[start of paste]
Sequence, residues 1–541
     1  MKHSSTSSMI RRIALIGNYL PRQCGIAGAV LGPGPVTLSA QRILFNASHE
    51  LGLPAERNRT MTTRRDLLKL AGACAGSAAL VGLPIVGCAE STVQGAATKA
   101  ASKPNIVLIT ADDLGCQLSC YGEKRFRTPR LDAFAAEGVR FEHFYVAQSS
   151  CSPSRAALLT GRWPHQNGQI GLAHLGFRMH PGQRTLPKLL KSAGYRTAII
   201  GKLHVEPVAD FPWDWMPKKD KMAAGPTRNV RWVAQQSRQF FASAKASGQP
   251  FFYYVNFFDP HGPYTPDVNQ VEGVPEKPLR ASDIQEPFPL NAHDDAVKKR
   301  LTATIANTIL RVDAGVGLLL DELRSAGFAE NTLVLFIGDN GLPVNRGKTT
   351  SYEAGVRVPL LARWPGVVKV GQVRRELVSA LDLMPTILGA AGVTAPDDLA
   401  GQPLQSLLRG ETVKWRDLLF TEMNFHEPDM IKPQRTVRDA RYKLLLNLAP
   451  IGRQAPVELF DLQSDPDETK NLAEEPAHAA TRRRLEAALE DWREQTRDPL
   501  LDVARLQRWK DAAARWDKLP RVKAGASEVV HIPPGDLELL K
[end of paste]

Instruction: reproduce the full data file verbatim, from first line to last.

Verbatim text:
Sequence, residues 1–541
     1  MKHSSTSSMI RRIALIGNYL PRQCGIAGAV LGPGPVTLSA QRILFNASHE
    51  LGLPAERNRT MTTRRDLLKL AGACAGSAAL VGLPIVGCAE STVQGAATKA
   101  ASKPNIVLIT ADDLGCQLSC YGEKRFRTPR LDAFAAEGVR FEHFYVAQSS
   151  CSPSRAALLT GRWPHQNGQI GLAHLGFRMH PGQRTLPKLL KSAGYRTAII
   201  GKLHVEPVAD FPWDWMPKKD KMAAGPTRNV RWVAQQSRQF FASAKASGQP
   251  FFYYVNFFDP HGPYTPDVNQ VEGVPEKPLR ASDIQEPFPL NAHDDAVKKR
   301  LTATIANTIL RVDAGVGLLL DELRSAGFAE NTLVLFIGDN GLPVNRGKTT
   351  SYEAGVRVPL LARWPGVVKV GQVRRELVSA LDLMPTILGA AGVTAPDDLA
   401  GQPLQSLLRG ETVKWRDLLF TEMNFHEPDM IKPQRTVRDA RYKLLLNLAP
   451  IGRQAPVELF DLQSDPDETK NLAEEPAHAA TRRRLEAALE DWREQTRDPL
   501  LDVARLQRWK DAAARWDKLP RVKAGASEVV HIPPGDLELL K